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The state of Tennessee offers lots of natural attractions such as mountains, streams, and waterfalls. It’s also home to a rich variety of birds. The list of avian species featured in Tennessee can be quite long. If you’re into birding and wish to focus only on the most essential birds to watch for in the area, this article can be extremely helpful. Whether you’re a novice enthusiast or have some experience with birdwatching, check out the following birds worth seeing in Tennessee.
Before starting your birding trip in Tennessee, consider getting some specialized gear such as:
- Field guide
Although the digital era has made paperback field guides less relevant, it’s safe to say that the physical book is still worth getting if you want an authentic birding experience. There’s nothing that can compare to the feeling of browsing a tangible book that offers quick information about the types of birds found in your visited region. Check out the Birds of Tennessee field guide on Amazon.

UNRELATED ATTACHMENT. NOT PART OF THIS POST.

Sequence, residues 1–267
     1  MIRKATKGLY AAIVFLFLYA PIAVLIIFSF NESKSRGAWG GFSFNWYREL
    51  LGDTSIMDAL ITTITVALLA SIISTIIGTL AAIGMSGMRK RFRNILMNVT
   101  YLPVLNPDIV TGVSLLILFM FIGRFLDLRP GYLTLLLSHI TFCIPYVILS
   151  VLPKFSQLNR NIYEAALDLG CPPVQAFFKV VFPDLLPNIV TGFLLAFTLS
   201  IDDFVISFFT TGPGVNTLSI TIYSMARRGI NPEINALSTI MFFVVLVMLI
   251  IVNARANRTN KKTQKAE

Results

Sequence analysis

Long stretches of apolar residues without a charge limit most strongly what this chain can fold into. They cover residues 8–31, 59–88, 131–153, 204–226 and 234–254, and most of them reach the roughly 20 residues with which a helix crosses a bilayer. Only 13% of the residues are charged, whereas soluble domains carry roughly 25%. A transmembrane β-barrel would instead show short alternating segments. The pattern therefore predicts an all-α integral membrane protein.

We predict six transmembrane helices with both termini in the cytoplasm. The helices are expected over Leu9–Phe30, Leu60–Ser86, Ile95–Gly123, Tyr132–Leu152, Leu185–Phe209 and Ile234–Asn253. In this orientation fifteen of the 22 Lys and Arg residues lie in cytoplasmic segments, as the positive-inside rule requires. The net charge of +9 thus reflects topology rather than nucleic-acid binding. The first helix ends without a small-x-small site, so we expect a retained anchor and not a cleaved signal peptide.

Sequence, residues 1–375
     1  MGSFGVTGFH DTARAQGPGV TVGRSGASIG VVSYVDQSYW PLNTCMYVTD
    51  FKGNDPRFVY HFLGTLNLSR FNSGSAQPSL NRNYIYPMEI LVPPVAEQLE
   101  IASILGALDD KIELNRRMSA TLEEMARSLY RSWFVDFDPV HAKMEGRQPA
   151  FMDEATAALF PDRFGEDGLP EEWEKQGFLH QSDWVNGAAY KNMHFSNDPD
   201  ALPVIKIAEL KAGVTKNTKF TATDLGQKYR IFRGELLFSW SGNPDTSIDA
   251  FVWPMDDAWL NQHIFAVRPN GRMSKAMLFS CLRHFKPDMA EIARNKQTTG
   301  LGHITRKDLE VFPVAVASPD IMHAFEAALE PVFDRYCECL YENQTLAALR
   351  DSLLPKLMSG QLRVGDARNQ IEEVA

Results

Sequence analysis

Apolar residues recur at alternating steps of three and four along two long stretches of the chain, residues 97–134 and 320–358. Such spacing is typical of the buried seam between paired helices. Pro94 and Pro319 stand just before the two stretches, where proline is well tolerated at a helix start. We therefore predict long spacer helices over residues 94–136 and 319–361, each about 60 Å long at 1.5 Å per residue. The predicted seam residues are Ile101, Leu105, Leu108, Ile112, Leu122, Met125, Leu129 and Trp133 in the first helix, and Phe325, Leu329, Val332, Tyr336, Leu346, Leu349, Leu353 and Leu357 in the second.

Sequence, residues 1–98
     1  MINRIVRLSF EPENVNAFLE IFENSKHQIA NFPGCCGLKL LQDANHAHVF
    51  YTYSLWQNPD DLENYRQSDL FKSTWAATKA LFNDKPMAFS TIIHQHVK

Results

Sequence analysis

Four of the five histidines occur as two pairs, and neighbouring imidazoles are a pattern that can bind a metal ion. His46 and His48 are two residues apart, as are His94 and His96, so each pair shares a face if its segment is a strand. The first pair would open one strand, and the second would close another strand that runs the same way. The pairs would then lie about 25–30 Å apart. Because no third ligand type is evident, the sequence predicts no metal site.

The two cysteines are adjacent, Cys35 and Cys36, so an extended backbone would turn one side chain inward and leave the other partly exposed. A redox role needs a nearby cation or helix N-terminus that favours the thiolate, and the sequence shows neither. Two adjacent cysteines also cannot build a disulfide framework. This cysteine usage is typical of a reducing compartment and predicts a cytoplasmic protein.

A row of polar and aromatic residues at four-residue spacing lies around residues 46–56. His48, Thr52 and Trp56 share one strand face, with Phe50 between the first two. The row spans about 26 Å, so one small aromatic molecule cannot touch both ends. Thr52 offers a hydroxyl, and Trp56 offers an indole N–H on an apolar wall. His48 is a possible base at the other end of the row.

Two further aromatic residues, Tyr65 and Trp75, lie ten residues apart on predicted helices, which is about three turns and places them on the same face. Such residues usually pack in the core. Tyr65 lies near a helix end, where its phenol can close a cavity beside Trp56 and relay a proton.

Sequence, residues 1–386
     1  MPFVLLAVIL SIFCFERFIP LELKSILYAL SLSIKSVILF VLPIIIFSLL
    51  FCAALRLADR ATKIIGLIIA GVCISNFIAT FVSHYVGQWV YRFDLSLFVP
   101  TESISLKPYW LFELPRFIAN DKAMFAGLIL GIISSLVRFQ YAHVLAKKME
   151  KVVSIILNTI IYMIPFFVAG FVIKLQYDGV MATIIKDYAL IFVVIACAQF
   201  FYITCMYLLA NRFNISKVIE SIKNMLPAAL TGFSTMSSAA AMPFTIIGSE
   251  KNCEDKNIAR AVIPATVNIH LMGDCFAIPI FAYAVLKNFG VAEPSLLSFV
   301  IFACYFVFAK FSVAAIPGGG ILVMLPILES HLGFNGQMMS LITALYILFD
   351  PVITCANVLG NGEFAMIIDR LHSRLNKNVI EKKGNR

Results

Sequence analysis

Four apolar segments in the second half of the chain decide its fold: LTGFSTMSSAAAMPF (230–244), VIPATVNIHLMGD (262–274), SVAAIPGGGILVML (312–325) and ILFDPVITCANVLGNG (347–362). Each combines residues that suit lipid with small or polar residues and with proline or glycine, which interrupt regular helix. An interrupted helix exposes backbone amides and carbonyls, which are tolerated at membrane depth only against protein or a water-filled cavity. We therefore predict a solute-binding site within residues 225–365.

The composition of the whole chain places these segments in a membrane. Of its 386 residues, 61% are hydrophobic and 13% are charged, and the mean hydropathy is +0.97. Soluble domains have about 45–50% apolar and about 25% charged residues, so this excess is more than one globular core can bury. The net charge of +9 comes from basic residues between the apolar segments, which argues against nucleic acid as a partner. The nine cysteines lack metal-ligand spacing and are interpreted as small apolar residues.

A robust pair of binoculars can make your birding adventure much more enjoyable. It doesn’t matter if you’re just a casual outdoor explorer or a more avid birding enthusiast. Make sure you select binoculars with high-quality optics and durable outdoor-ready construction. Here’s a comfortable binocular model that’s suitable for many birding applications.
- Spotting scope
Binoculars are useful to get a generally good view of birds from far away. However, there’s a better tool for obtaining proper close-ups. If you’re after rare birds, it’s worth considering a gadget like a spotting scope that offers superior magnification abilities while maintaining good portability. A spotting scope will help you get to the next level of birding. Take a look at this well-designed spotting scope.
1. Swainson’s Warbler
An elusive bird that prefers forested ravines and swamps, the Swainson’s warbler relies on many areas in Tennessee for its breeding grounds. Spotting this heavyset warbler can be quite difficult due to its secretive nature. It’s a pretty common bird but your best chance to find it is to listen for its bold, ringing song.